Six years ago I started this blog as an assignment for college; we were to pick a topic to blog about for the entirety of the semester. When I selected my topic – mental health and suicide – I could hear the whispers circle the room. That is stigma.
When I was 21 years old, my boyfriend killed himself. I struggled a lot after he died. I knew I couldn’t save him, but I wasn’t going to let his life be in vain. I had struggled in the past with my own depression and felt as though I couldn’t talk about it with anyone else in fear of the looks and judgement I would feel. That, again, is stigma.
Six years ago, I opened up about my own struggle and story and have been educating myself since in hopes that I can openly talk about mental health and I can encourage others to do the same. This is an issue that we cannot shy away from. It’s nothing to be ashamed of or nervous to confront. We all have our own struggles.
Throughout the course of the past six years I’ve had the opportunity to talk with strangers, family and friends about the importance of talking about mental health and suicide. I can’t wait for the day that this subject is no longer stigmatized but is something we can freely, and openly, talk about.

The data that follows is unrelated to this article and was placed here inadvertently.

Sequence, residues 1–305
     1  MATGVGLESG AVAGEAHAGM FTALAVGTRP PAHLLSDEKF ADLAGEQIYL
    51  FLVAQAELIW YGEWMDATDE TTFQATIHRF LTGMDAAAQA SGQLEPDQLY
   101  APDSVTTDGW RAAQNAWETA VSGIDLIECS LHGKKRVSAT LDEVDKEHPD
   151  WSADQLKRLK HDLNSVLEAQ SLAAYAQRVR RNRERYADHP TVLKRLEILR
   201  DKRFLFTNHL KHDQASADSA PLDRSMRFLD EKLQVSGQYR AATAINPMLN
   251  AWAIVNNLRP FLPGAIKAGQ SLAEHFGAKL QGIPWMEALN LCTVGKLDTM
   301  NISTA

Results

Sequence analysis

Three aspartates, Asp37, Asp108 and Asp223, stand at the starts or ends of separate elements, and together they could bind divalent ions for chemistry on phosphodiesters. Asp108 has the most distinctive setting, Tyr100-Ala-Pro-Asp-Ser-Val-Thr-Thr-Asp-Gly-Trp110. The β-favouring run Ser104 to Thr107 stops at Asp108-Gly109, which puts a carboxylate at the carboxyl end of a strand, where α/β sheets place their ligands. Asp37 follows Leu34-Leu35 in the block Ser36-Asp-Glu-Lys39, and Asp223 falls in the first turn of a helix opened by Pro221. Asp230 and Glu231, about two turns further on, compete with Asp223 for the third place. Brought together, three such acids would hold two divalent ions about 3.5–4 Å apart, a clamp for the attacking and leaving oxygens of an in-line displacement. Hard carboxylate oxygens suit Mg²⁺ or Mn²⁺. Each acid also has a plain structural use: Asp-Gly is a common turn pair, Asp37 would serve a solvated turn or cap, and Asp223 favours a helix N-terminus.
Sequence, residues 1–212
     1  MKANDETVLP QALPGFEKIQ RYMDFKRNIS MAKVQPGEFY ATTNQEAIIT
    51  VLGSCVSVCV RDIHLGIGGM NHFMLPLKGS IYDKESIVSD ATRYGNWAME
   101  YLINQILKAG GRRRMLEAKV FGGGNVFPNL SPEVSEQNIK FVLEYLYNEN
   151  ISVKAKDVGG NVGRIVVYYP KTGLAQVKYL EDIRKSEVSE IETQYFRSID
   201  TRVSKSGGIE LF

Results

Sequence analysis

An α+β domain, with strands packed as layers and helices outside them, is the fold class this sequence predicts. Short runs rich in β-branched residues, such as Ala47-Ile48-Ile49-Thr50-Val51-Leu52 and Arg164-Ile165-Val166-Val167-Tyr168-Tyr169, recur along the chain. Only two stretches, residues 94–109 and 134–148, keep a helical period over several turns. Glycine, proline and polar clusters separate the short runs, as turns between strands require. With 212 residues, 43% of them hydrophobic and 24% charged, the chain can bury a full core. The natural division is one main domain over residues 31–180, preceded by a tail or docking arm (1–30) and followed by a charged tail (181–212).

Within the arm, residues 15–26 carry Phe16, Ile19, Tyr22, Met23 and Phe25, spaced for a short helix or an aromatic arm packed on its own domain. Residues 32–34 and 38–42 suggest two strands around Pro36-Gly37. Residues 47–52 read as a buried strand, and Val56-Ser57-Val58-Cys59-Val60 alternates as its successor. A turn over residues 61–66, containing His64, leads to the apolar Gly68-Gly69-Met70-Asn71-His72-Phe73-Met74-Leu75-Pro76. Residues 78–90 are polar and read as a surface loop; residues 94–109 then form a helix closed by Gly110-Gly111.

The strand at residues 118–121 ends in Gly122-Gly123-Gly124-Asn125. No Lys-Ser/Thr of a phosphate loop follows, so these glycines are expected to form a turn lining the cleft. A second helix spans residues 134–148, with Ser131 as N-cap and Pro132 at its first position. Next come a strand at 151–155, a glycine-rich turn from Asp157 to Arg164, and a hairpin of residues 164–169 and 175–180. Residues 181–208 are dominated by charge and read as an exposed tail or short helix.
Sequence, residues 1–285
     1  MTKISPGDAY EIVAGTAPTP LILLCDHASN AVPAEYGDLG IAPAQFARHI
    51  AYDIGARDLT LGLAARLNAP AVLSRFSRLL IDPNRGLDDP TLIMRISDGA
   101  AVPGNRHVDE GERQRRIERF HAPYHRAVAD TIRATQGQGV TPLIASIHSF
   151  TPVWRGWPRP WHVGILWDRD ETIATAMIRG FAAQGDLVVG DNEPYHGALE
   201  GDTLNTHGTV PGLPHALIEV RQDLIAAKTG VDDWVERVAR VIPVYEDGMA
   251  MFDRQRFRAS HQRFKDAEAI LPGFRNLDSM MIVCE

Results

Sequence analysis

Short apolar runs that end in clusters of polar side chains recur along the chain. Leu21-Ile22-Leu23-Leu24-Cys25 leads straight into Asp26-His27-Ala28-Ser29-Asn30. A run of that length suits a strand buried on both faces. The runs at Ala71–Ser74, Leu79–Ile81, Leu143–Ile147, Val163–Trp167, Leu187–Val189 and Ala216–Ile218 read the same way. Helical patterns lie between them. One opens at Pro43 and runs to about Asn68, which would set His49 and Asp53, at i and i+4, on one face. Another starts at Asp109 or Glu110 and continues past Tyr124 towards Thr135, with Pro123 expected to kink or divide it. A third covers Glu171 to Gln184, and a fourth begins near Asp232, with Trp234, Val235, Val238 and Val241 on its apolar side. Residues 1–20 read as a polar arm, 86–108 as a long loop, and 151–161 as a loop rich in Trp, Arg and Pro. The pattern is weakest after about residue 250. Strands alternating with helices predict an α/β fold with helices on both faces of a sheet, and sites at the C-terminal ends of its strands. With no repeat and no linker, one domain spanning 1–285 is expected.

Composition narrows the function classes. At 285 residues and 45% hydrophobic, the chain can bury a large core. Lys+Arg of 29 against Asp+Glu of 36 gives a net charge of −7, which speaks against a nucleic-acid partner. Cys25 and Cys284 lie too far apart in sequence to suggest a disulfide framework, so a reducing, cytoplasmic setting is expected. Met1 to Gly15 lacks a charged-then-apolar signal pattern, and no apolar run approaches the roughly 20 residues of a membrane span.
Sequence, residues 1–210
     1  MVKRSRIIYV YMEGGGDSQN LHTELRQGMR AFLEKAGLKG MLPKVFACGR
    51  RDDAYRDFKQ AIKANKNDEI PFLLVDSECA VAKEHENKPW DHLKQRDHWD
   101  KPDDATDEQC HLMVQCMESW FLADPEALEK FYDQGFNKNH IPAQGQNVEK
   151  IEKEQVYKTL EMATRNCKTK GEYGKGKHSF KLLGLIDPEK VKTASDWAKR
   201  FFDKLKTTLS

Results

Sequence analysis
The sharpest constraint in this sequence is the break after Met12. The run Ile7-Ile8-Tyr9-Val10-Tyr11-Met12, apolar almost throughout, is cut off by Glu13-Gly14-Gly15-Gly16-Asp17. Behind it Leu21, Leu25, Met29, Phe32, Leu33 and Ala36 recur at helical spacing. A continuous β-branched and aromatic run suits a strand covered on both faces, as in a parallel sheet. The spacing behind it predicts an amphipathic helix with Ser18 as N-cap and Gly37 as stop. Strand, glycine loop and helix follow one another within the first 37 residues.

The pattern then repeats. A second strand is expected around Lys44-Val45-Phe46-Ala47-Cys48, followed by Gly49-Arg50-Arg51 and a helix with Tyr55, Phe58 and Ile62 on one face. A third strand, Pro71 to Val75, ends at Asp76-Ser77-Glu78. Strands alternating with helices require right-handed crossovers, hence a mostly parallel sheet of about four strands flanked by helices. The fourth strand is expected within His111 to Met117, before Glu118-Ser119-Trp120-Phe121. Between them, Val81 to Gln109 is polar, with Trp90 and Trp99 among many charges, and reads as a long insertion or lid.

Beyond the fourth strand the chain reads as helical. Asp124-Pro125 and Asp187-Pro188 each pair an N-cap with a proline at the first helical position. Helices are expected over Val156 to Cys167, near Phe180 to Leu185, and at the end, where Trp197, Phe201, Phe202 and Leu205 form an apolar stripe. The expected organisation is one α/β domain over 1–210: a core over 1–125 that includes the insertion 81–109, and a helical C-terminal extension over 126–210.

Depression and suicide are prominent in many different societies today. These are two subjects that are rarely talked about and are consequently taking many lives. Many people will suffer from some sort of depression or suicidal thoughts throughout their lives and it affects people of all different ages.
I’m not a professional, nor do I claim to be. I am simply a woman who has had to deal with depression and suicide in many different aspects of my life. I’ve seen what depression looks like firsthand and I know what it’s like to lose someone you love to suicide. I’m simply here to try to spread awareness and get people to start talking about these topics before it’s too late. I want to give people a place to discuss these topics, to get help, and learn more. Silence hurts. But suicide and depression hurt more.